The fancy technology available today and increased speed of communication allows me to work on several projects simultaneously in a way that was just not possible when we opened the studio 7 years ago. Instead of having to wait for one project to be completed before starting the next, I can chip away at several at the same time. Efficiency has its place, but too much of a good thing is still too much.
Overwhelmed at the number of items on my to-do list that needed to be completed in short amount of time, I recently took my efficiency to an extreme, multitasking at an almost manic pace. As I bounced back and forth between text messages, email, a document I was editing, and social media updates, I felt downright scattered. With my mind racing, knees bouncing, and heartbeat elevated, it seemed that in my quest for greater productivity my whole being was now spinning, buzzing. As a result I was unable to settle in long enough to concentrate on accomplishing even a single task.
Too many of us have had this experience in the workplace, though studies have shown that multi-tasking is actually not as much of a time-saver as previously thought. It turns out it just makes you feel like you’re accomplishing more. In reality, multitasking is the new procrastination, a sneaky way to postpone doing something unappealing or challenging.
What happens when your addiction to efficiency and multitasking spills over onto the yoga mat?
Yesterday morning I had only 20 minutes to sneak in a practice before the craziness of the day started, so I decided I’d use the principles of efficiency to make the most of my time on the mat. I didn’t want to sacrifice anything and I was determined to produce the same good feeling I got after a nice long practice. So instead of exploring a few asanas deeply, I crammed in a bunch of standing poses, some sun salutes, backbends, twists, and so on. I bounced from one pose to another, trying to force my yoga practice to get with the efficiency program. Guess what? It turns out that efficiency and yoga are not friends.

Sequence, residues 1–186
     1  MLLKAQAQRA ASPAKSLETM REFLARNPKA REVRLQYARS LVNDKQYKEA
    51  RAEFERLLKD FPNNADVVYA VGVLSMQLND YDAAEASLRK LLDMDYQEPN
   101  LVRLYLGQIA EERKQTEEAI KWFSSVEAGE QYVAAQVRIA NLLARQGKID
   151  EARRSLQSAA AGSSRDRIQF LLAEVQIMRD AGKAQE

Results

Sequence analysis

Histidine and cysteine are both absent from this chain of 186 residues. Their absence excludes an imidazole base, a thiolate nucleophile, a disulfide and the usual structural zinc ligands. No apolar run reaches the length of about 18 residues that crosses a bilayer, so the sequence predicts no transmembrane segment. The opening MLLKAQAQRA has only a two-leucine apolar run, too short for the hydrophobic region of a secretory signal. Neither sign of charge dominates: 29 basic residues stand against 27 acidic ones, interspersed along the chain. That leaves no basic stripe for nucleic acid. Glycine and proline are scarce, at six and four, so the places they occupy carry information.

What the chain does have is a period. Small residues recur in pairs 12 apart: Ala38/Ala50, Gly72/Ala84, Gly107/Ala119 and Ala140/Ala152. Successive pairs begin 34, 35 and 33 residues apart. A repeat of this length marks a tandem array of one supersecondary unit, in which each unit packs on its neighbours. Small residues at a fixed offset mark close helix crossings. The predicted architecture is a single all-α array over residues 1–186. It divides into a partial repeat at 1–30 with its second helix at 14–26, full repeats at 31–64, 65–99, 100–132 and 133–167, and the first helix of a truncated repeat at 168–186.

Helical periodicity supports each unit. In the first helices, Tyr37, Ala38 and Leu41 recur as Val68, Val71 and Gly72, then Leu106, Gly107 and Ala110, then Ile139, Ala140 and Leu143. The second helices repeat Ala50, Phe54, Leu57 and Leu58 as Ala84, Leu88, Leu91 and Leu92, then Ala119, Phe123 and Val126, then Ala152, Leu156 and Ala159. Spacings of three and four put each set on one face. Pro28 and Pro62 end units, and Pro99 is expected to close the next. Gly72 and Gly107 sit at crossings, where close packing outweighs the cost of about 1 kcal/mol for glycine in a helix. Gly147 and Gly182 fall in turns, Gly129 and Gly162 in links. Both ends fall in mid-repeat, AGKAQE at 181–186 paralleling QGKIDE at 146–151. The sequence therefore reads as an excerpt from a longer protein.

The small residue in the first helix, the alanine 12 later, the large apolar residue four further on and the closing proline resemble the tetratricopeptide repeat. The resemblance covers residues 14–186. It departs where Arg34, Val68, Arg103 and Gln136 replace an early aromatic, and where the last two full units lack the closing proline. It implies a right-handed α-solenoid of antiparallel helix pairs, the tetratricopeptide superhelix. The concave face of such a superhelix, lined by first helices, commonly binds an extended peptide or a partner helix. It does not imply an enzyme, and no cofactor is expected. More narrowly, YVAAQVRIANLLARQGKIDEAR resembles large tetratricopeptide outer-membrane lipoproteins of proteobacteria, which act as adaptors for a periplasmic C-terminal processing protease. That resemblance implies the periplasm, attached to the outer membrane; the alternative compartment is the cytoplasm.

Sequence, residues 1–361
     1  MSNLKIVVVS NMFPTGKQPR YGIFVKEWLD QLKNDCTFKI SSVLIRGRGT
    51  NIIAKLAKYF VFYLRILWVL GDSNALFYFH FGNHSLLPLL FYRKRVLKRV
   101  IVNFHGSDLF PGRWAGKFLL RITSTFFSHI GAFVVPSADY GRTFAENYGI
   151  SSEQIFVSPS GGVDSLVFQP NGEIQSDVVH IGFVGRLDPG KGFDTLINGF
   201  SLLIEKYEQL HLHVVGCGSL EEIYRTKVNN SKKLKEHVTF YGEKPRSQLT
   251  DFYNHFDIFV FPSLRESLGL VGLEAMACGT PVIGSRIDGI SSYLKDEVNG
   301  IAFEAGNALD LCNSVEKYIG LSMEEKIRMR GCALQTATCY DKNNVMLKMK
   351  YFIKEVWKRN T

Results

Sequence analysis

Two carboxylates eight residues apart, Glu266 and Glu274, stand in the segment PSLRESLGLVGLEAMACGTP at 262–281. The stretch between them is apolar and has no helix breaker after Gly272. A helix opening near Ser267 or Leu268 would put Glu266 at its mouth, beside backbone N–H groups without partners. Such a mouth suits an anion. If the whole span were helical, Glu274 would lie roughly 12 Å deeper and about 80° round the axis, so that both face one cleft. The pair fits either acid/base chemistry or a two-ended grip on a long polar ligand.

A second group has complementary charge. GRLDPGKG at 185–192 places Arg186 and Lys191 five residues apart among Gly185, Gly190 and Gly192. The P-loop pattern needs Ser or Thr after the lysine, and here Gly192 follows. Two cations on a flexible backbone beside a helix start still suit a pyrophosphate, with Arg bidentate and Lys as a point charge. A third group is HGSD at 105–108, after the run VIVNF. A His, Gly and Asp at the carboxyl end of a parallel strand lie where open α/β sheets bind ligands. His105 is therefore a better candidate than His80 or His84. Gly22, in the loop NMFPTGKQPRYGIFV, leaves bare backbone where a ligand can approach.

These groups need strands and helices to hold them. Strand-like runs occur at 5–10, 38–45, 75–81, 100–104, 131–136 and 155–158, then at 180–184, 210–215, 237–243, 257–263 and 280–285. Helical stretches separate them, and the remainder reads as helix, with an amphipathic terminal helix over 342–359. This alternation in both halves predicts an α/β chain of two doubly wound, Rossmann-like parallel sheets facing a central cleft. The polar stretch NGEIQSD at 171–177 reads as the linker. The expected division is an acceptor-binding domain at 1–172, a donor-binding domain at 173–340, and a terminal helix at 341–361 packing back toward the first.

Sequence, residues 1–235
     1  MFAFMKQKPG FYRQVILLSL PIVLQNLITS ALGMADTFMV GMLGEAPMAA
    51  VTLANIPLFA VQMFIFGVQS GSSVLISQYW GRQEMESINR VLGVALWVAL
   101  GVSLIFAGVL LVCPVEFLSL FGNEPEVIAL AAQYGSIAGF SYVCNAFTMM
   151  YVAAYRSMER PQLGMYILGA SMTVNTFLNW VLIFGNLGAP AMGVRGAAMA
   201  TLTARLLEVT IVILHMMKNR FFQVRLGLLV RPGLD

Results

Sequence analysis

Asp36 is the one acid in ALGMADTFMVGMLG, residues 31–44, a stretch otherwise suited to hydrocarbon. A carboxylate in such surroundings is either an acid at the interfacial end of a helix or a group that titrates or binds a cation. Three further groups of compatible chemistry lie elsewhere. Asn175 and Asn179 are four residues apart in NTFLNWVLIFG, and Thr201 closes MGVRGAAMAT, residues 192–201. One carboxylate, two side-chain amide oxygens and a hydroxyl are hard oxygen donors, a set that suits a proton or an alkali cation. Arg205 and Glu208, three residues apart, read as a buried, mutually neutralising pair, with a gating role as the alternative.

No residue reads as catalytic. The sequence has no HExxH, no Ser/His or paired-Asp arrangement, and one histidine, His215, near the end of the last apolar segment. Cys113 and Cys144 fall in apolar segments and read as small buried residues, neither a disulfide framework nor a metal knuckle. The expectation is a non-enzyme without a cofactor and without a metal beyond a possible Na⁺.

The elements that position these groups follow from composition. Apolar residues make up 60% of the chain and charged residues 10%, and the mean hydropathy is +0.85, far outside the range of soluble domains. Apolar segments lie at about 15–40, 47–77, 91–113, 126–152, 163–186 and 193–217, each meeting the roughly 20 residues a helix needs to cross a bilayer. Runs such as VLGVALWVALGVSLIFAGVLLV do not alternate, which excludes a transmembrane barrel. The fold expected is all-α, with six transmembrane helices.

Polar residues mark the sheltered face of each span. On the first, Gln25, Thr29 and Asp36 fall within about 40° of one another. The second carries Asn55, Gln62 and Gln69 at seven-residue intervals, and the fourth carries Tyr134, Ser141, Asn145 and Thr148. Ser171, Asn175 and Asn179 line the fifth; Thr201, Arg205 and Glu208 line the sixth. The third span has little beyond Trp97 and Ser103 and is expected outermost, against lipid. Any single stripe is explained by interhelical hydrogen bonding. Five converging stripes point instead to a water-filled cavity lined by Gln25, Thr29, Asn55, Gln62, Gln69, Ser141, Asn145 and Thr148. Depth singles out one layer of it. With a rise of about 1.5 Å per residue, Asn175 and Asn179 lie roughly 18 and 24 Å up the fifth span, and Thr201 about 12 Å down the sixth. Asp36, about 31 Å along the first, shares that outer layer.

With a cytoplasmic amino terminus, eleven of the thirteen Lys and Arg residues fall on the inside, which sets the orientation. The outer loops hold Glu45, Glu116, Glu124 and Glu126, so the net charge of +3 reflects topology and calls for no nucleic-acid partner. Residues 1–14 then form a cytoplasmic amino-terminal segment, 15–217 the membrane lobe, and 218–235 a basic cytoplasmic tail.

As I blasted through the sequence, I lost the awareness of my breath and that glorious feeling of space that comes when I’m practicing Yoga and not just breezing through yoga poses. Yoga is the cessation of the fluctuations of the mind. On the other hand, efficiency and multi-tasking are, by definition, fluctuations of the mind – a cycle of constant mental interruption in an effort to move at a faster pace.
As above, so below. As in the mind, so on the mat. Yoga practice can be both an antidote to efficiency and a place to practice greater concentration in an attempt to slow mental fluctuations. When you sit for meditation and focus in on your breath and practice letting go of all the chatter and busyness from your day, you are undoing the harmful effects of excessive efficiency. As you resist the urge to mentally flit off to some new exciting idea, you allow your body to settle and signal to your mind that it’s okay to just do one thing and do it well. And so you more closely approximate true efficiency, the appropriate use of time and energy in the accomplishment of a task. Be still my fluctuating mind.